Tapas couldn’t believe it. Moving from a big city to the little town of Golepur had been hard enough already. His mother reminded him, “Babu, we’ll come visit during Durga Puja.” But Tapas was not ready for this news; Golepur did not have a library!

His father believed that his school books were enough to keep him busy. “You can pay attention to your studies now,” he told Tapas. Mother was a bookworm so she understood. Patting his shoulders, she said, “We’ll find a way.”

So Tapas attended school and came home to warm food and a bath. Then he spent all evening doing his homework. Sometimes he felt annoyed because there was no new book waiting for him by his pillow. Every night, he read before bed time. It was a habit that he’d picked up from his mother since she first introduced him to the local library near their house in Kolkata.

Tapas looked at the stack of books on his table. He ran his fingers over the spines, each chapter memorised. He could describe every scene without opening a book. Still, he was bored and used to getting a new book every weekend.

“Mother, don’t the other kids like reading storybooks at all?” He hoped she would say yes. But she shook her head. “Babu, not everyone likes doing the same thing but I’m sure some of the kids here like to read.”

That evening, while Tapas read his lessons and solved his sums, his mother visited the neighbours. Indeed some of the boys and girls spent more time reading books than playing on their computers. She had an idea. So she visited one more person on her way back home – the head of the building committee.

“Hello. I am Mrs. Gita Bose from the 8th floor. May we discuss something?”

The gentleman said yes and they spoke about the neighbourhood children. “I know that we already have a separate area for them to play with a ball and run around, but what about exercising their minds?”

“How can we do that?” The committee head wondered.

“We can build a little library in the common room,” said Tapas’s mother.

She left after five minutes and a cup of tea. Meanwhile, Tapas was done with his studies for the day. He sat by her as they both read books. The phone rang. Mother ran to answer it. She smiled and said thank you. Then she came back to the sofa. “We’re going to make a library,” she announced.

Tapas jumped up. He was excited but confused. Mother told him that he and the other kids would donate all their books to start it. “And some of us adults will certainly have books for your library too,” she added.

So the next day, they carried three large boxes of books to the common room. Father came along. He and another neighbourhood uncle were preparing new bookshelves for the room. When they arrived, there were four more children and their parents. “We may have too many books!”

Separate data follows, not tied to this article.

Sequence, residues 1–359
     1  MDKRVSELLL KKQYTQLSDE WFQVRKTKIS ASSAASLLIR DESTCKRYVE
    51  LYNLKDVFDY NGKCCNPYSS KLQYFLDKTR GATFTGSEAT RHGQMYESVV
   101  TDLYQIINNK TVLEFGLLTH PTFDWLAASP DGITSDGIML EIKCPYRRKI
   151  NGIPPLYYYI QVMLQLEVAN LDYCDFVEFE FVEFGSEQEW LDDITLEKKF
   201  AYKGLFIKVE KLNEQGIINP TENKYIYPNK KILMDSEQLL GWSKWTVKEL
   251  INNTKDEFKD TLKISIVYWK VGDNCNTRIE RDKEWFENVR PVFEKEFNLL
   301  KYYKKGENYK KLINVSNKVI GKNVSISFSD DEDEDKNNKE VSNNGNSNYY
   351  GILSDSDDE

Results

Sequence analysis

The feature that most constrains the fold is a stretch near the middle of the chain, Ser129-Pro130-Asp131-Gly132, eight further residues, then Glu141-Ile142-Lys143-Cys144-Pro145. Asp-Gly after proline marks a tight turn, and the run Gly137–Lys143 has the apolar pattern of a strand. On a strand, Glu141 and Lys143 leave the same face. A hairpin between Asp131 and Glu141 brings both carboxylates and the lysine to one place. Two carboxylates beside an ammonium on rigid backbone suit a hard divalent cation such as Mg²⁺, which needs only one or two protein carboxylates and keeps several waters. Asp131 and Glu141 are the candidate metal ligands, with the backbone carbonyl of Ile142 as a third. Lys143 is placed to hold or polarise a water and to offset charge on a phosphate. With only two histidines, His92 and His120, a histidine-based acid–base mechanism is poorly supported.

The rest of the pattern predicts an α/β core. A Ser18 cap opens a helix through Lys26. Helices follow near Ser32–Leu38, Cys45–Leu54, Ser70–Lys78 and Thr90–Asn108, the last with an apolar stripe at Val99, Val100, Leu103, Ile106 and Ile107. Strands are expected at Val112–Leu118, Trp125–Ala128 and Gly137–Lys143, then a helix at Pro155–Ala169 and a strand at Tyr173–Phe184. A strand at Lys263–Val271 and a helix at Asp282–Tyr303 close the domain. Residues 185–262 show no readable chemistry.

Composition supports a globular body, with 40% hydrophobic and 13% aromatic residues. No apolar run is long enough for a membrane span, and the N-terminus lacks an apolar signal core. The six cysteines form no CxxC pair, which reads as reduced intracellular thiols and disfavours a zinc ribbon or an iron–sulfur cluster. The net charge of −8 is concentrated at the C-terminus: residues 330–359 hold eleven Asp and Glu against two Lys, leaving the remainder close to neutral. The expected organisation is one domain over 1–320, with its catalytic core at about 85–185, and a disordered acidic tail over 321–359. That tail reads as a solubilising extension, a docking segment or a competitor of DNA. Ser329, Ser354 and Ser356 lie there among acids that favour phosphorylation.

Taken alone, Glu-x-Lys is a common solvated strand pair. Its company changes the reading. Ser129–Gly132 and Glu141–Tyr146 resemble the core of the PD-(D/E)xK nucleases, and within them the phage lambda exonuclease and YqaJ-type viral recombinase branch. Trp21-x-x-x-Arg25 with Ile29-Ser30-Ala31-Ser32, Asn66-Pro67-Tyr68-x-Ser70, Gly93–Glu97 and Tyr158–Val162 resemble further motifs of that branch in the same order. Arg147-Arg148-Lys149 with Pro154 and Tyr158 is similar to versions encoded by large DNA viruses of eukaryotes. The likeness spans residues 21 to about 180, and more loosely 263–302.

Father was joking because he knew Tapas would reply. And he did. “There is no such thing as too many books. Right guys?” The others nodded. Everybody got to work. They all munched on cookies as the parents made sure everything was in place. “Time to put the books in their places, kids,” said Rani’s mother.

Tapas and the others took turns filling the shelves with their treasured books. They chatted about their favourite books and authors. Payal loved historical stories as much as Tapas did! Ronnie disliked mystery books just like him. By the end of that day, Tapas had new friends and many books to share. They even created library cards for every neighbour, along with a register to keep track of the books.

“I’ll save up my pocket money and buy a computer for us,” said Tapas. “So will I,” said more voices. The library was already a success.

 First published in TeleKids (An ABP Group publication)

Saturdays at the Library

The bookstore was her toyshop. She spent Saturdays sitting on the floor, hungrily running her hands over the spine. Mother would be busy choosing grown-up books nearby. The child wondered when she could read those too. Time flew by faster than her favourite chocolate did in her hands. Carrying a bag full of stories, she left wishing every day was Saturday.

Love in the bookstore

Her friends found love at parties. She wasn’t a fan of parties. When people asked her how she expected to find love, she said that it would find her. It was a bad hair day and she’d pulled on the first clothes she could remove from under her sleeping cat. Her trip to the bookstore was as exciting as always as her eyes feasted on the new and old titles. She almost missed his admiring look when they stood by each other, reading the same book. It was love.

Borrowed Books

Her bookshelves decorated the walls. Spines of various colours stood out in the sunshine that came through the windows. She had spent hours here, running her fingers over the titles. If she caught a speck of dust on her beloved possessions, she would clean it away immediately. Only one section bothered her; it was the shelf that had two empty slots. She never should’ve let them borrow her books.

A Late Night

It was getting late. The new book was waiting by her pillow, just thirty pages read. Two soft blankets were spread out in anticipation. The ball of fur on top of them was purring softly. He was tired of waiting for her. “This was my first party in ages,” she apologised as she changed into her pyjamas. He ignored her. The book stayed closed to show disapproval. But when she slid herself under the covers, the feline child readjusted himself between her ankles and the book opened itself in her hands.